Friday, January 18, 2008

Bats: A secret success story

Californian authorities say that eight people have died in five years in accidents in the state’s 47,000 abandoned mines. Now state authorities are determined to make them some of them safer while providing a novel ecological niche for bats. Sited due east of San Francisco, the small town of Tracy is the home of several long-abandoned coal mining caves. Vandals recently made one of them unsafe by burning the beams supporting the entrance. Now authorities have barred off with a gate. It is the first step in a program to keep prying humans out and provide an ideal habitat for bats. The slates are wide enough for Townsend's big-eared bats and pallid bats to fly through. Both species hibernate and roost in the dank humidity of the Californian caves.

Cave colonies can become very large with many bats loving the stable microclimate. It is not unknown for colonies of hundreds of thousands of different species to share a cave site. Young bats congregate to in thick clusters to form crèches of 3,000 square meters. In Winter time hibernating bats reduce their body temperature to within a couple of degrees of the site temperature and live on their accumulated body fat. They cannot stand on their legs and so hang upside down, held in place with no effort by the clinging shape of the tendons of the foot.

The reason they cannot stand on their legs is that they have evolved into wings. The scientific name for bats is Chiroptera. The word is Latin for “hand wing” and describes the bats’ fingers which are connected by a stretchy membrane which make up the wings. The fragile nature of bats has not left much data in the fossil record so science does not give a good accounting of how the only flying mammals evolved. The likeliest explanation is that they were originally insect-eating tree creatures who scurried around on all fours until they became airborne. However the theory does not explain how partially successful fliers could survive well enough to produce another generation yet incredible this unlikely event happened twice.

The fact remains that the two types of bats evolved separately. The majority are the mostly insectivorous microbats and the rest are mostly fruit-eating megabats (or fruit bats). Megabats range in size from the Indian giant flying fox with a human-sized wingspan of 1.8 metres to the petite Malaysian flower bat with its 21cm wingspan. The splendidly named false vampire of American tropics (so called because they prefer to bite the prey's head and crush its skull rather than suck its blood) is the largest of the microbats with a 1 metre span which dwarfs the rare and tiny 1.5 gram Thai bumblebee bat, possibly the world’s smallest mammal. The microbats evolved from shrews possibly in a period of global warming 50 million years ago and the megabats evolved later either from microbats, or, more controversially, from early primates.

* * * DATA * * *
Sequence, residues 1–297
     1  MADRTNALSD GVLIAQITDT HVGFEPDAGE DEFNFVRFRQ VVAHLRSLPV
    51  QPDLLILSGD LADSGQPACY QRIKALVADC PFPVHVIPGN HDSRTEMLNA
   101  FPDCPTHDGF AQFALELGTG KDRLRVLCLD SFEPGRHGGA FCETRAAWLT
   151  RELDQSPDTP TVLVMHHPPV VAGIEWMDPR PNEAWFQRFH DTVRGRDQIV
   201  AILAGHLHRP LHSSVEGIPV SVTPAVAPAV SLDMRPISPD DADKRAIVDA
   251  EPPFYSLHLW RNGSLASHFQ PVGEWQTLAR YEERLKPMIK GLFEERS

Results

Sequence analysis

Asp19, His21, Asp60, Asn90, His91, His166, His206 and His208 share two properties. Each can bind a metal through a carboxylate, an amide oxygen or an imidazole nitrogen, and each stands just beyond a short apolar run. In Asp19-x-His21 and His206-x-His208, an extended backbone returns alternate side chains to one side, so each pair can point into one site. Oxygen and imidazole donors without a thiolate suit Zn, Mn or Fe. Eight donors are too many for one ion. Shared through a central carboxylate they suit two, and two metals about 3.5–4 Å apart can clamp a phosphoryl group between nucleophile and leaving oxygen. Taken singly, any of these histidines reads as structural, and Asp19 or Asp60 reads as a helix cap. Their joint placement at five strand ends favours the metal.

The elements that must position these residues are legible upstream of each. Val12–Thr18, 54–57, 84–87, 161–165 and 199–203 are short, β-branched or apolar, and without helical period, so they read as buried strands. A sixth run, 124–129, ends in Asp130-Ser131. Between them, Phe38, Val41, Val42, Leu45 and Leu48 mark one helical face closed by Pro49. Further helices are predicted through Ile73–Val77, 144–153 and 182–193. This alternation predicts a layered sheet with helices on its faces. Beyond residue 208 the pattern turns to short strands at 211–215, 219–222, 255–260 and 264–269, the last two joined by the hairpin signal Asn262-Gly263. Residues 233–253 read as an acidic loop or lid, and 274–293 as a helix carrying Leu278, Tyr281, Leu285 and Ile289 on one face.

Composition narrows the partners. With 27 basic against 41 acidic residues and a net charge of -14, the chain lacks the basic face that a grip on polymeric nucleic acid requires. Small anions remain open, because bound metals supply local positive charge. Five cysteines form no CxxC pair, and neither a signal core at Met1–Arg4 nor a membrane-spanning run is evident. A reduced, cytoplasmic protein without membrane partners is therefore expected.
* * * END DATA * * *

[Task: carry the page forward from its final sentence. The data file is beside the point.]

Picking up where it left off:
One of the shrew’s lesser known characteristics is echolocation which they passed on to the microbats. When Britain successfully developed radar in World War II, some scientists were scathing when it was suggested that nature had already beaten them to it. But by 1944, Donald Griffin at Harvard proved bat echolocation existed. Bats send bursts of high-pitched sounds as they fly. These sounds emerge from the larynx and are mostly emitted by mouth. The Egyptian rousette bat clicks its tongue whereas others such as horseshoe bats emit the noise through a complex noseleaf around the nostril that focuses the beam of sound.

Whatever way they are emitted, the sounds travel as air waves until they strike an object. Some of the energy in the sound wave is returned as an echo and the amount returned depends on such factors as distance, durability of the object and whether the object is moving or not. Bats quickly analyse the returned data and identify the object. In order to catch prey they need to locate the target precisely in three dimensions and they do this by measuring the time delay between signal emission and echo reception As it closes in, the bat increases the pulse rate of sound to track it down using the Doppler shift. At the point of contact, the calls are so fast they are known as a “feeding buzz”. Some bats can make an incredible 200 calls per second at the feeding buzz.

Megabats don’t use echolocation but contrary to the ‘blind as a bat’ myth, they have large well developed eyes for night vision and can see as well as owls or cats. In Australia, flying fox colonies are enormous and the animals are highly sociable. Bats can also claim to be the most successful mammals, representing a fifth of all mammalian species. As Sue Churchill says about them in “Australian Bats” they live in a dimension so different from human experience that “we cannot escape a sense of wonder of the precision of even the simplest aspect of their biology”.

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